Creating a Character Out of Thin Air by Sally Koslow
When you see a newborn baby in your family, the impulse is to declare that the child has the Smith chin, granny’s jug ears, her mother’s pug nose and, unfortunately, Uncle Barney’s gigantic head. Characters created by an author are a similar scramble, though often the inspiration is a few degrees more separated or even subconscious.
When I wrote my first novel, Little Pink Slips, which was animated by my experiences in the magazine industry, I gave Magnolia Gold, the main character, a DNA transplant of my own enthusiasm for being an editor. I also made her single and younger than I am, because as an author I am an all-powerful God. Many of the minor characters were inspired by people I knew; colleagues could read the tea leaves.
In The Late, Lamented Molly Marx, my mother-in-law prompted Molly’s Geisha-like mother, who spends her evenings at home in luscious robes, not sweat pants. In my head she looks like Blythe Danner. With Friends like These is the story of four women whose tight friendships self-destruct. I put trace elements of myself and women I know into Jules, Talia, Chloe and Quincy, but Arthur Weiner, one of the women’s boyfriends, was a direct clone of a friend’s stingy, manipulative Romeo who she later, thankfully, dumped.
With The Widow Waltz, my new novel, my muses were less direct. Georgia Waltz, the primary protagonist, looks—in my mind’s eye—like Julie Christie at age 50. Which is to say, beautiful, without the benefit of plastic surgery. Her attitude and struggles were modeled after many women I know who are happily married as well as financially fortunate. I tried to imagine how such a woman might respond to a husband’s betrayal, because an author advances the plot of a novel by creating obstacles her characters need to overcome. That one is huge.
Nicola Silver-Waltz, Georgia’s older daughter, is a woman in her 20s whose parents have indulged her laissez faire inclination to flit from country to country without digging into a job or graduate school. To create Nicola, I had to look no further than Slouching Toward Adulthood, my own non-fiction book about the consequences of helicopter parenting. Louisa, Georgia’s younger daughter, a college student, reminds me of many kids I’ve met in Manhattan over the years, glib on the outside, shaky inside.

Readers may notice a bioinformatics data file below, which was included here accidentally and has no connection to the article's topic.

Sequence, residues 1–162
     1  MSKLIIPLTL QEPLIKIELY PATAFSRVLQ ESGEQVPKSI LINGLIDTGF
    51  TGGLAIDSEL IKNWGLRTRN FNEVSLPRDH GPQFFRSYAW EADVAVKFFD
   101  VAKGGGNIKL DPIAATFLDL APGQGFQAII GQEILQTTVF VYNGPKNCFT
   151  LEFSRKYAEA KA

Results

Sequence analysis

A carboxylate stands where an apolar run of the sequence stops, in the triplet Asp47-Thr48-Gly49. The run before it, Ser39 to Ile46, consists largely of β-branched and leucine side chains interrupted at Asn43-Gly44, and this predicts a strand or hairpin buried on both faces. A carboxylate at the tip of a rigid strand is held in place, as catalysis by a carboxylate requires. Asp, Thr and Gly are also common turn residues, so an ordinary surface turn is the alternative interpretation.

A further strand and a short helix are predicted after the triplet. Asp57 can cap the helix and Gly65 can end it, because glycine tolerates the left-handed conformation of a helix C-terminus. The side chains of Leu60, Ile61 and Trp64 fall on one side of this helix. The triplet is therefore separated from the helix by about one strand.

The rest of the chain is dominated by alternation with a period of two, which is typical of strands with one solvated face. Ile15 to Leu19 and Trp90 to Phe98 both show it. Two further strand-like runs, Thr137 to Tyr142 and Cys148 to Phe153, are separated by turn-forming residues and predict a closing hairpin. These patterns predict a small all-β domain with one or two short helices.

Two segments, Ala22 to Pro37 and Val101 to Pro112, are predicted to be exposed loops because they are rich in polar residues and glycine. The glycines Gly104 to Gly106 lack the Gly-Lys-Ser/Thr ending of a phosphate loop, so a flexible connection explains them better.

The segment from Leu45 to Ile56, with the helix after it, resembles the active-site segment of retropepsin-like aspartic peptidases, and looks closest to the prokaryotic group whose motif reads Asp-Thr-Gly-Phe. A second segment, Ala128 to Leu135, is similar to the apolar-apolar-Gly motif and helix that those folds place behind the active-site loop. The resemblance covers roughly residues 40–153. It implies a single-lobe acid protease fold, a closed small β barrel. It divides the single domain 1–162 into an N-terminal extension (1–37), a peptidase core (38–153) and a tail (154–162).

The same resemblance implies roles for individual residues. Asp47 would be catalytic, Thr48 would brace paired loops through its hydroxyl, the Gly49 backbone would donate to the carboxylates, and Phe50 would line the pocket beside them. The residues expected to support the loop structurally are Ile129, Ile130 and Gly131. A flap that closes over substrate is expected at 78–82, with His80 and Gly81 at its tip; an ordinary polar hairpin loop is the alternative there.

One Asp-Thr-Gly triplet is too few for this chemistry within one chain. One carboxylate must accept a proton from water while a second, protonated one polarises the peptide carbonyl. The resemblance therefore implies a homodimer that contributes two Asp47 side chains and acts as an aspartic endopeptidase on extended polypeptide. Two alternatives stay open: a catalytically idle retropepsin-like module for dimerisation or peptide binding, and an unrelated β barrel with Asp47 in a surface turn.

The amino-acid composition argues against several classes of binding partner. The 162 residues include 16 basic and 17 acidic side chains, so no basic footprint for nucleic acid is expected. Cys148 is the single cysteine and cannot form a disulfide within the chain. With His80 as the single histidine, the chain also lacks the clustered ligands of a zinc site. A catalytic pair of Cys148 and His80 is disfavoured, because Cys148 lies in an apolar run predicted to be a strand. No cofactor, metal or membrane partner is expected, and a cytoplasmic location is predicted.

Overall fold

Camille Waltz, Georgia’s mother, has Alzheimer’s disease, as did my own mother, so writing that character would have been easy were it not painful. For levity’s sake, and my own mental health, I gave Camelle a fixation with Jacqueline Kennedy Onassis. Stephan Waltz, Georgia’s imperious older brother, is an Oscar Wilde devote, so Oscar was my inspiration there. Stephan is a jeweler, as was my father-in-law. No mystery there.
Now if only I could ask Gillian Flynn who her inspiration was for Amy Dunne in Gone Girl.
Sally Koslow’s fourth novel, The Widow Waltz, was just released from Viking. Her previous novels are The Late, Lamented Molly Marx, which Target chose as a Book Club Pick; With Friends Like These, picked by Target for its Emerging Writers category and Little Pink Slips, inspired by her tenure as editor-in-chief of McCall’s Magazine. She is also the author a recent non-fiction book, Slouching Toward Adulthood: How to Let Go So Your Kids Can Grow Up. Sally teaches creative writing in the New York City, including at the Writing Institute of Sarah Lawrence College. Her essays appear in major magazines such as More, Real Simple and O.
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